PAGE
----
Let’s face it; sarcasm creates a connection. It’s the reason that comedians like George Carlin and Robin Williams were masters of comedy. That rancor was how they grabbed people’s attention and kept it. Every once in a while, though, sarcasm takes a surprising turn.
The marketers and writers of this campaign thought this was hilarious, no doubt – the rest of the world not so much, though.
It’s a chance you take when you introduce humor into your content. This ad for Kayak Stairlift took a little poke at the aging population and their kids. Surprisingly, the senior community didn’t appreciate it.
The question is how can you as a marketing genius tell the difference between edgy and controversial.
Draw a Line in the Creative Sand
Generally speaking, you are always going to be walking a tightrope when you make fun of anything. The mistake the Stairlift marketers made is they picked on a class of people – the elderly.
In fact, the line you draw should sit squarely in front of classes of people. Stay away from jokes that focus on:
As a rule, if you are going to make fun of something, make it:
- Your brand – You can poke fun at your brand because it won’t be offended.
- A subjective concept – Who remembers the Geico Caveman commercials. Just in case you are missing the point, cavemen don’t exist in the modern world, which is why it’s funny. What doesn’t exist can’t get mad.
- The competition – All’s fair in war and advertising.
- Something that applies to everyone – Can you say bathroom humor? It’s has worked in the past. Timing is everything, though, I’m not sure this particular ad would be well received today.
Of course, there are exceptions to every rule. There are times when poorly thought out marketing humor pays off, but most of the time, all it gets is your brand flamed on social media. When creating content, consider the emotional impact and know who is likely to reach for the pitchforks.
If You Don’t Know, Ask
I’m sure that’s what the marketing firm that created this ad wished they had done:
There is this little thing in marketing known as a focus group. If you are creating ads that look like this, you need one. The focus group allows you to test out your humor on a random sampling of consumers and takes its temperature. It’s the marketing equivalent of asking your mother if something is okay.
Follow the Rules
The rules of content creation don’t change just because you are looking to add a little humor into the mix.
- Start with the obvious: Consider your audience. Consider the culture that surrounds that audience. The Stairlift company failed here. After all, who buys their product? Families who love someone who is elderly or disabled and seniors themselves. It’s not a picture the audience will relate, too, so it backfired on them.
- Play to the medium – In other words, create content that is specific to the channel. A three-minute video ad won’t work for Instagram and print media doesn’t get anyone’s attention on Facebook.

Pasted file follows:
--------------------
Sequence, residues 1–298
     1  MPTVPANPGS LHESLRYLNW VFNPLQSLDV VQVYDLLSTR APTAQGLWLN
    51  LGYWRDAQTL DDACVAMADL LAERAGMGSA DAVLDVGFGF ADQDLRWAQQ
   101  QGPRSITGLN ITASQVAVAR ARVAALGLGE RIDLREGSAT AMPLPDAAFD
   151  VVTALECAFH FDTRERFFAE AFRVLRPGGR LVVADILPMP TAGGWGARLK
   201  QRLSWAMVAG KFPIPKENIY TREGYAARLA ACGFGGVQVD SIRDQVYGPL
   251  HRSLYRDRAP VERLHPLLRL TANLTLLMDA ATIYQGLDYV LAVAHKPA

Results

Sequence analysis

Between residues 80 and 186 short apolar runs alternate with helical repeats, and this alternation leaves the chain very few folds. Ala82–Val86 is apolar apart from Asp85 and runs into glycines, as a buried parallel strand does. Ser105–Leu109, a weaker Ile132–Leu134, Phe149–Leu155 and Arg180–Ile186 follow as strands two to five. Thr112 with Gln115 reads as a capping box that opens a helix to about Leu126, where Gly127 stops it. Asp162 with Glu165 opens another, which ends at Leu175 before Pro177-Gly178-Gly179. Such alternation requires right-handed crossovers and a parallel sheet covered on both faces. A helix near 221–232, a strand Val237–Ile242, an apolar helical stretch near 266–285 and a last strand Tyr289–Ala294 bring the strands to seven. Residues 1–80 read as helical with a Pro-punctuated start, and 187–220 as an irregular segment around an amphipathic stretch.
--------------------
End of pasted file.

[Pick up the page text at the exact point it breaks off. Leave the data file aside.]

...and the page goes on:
- Don’t forget the brand – Your job is not to make people laugh. It’s to build a brand and help sell a product.
Now Tack on Some More Rules
Once you have the basics in hand, consider the rules that apply to marketing humor, too.
- Most good humor happens by accident. If you sit down and try to write funny, you will overcompensate and probably end up with offensive. Don’t start with the humor, begin with the essential brand promotion and build from there. Humor is just the seasoning.
- Make the humor fit the brand. The Girls Don’t Poop campaign was about a bathroom air freshener. All the dots connected. You can also focus on the personality of the brand. Geico is an established company that has a track record of being funny. People will get it.
- Offensive is usually just offensive. Shock value has limited appeal in marketing. If you set out to be offensive, the campaign is probably doomed.
- Keep it Real. Most people don’t have the perfect body. Think of all the potential buyers you make made when you assume they do. Enough said.
Use sex carefully. It has some appeal, and it certainly gets people’s attention, but it can backfire real fast.
No explanation is necessary.
Finally, trust your gut. If it doesn’t feel right, it probably isn’t. If you don’t have the knack for telling the difference between edgy and offensive, hire a writer that does get it.
Humor is a beautiful tool for marketers. It can make a campaign stand out in a world covered with them when done right. Edgy sells but offensive just gets your brand boycotted.
Darla F is a full-time freelance writer published internationally and an award-winning author. Over the last decade, she has ghostwritten memoirs for a successful entrepreneur and created byline pieces for USAToday, Jillian Michaels, USARiseUP, New York Times — About.com, Multibrief, MedCity News, LiveStrong and AOL. Darla is known for her ability to take complex topics and make them clear to anyone.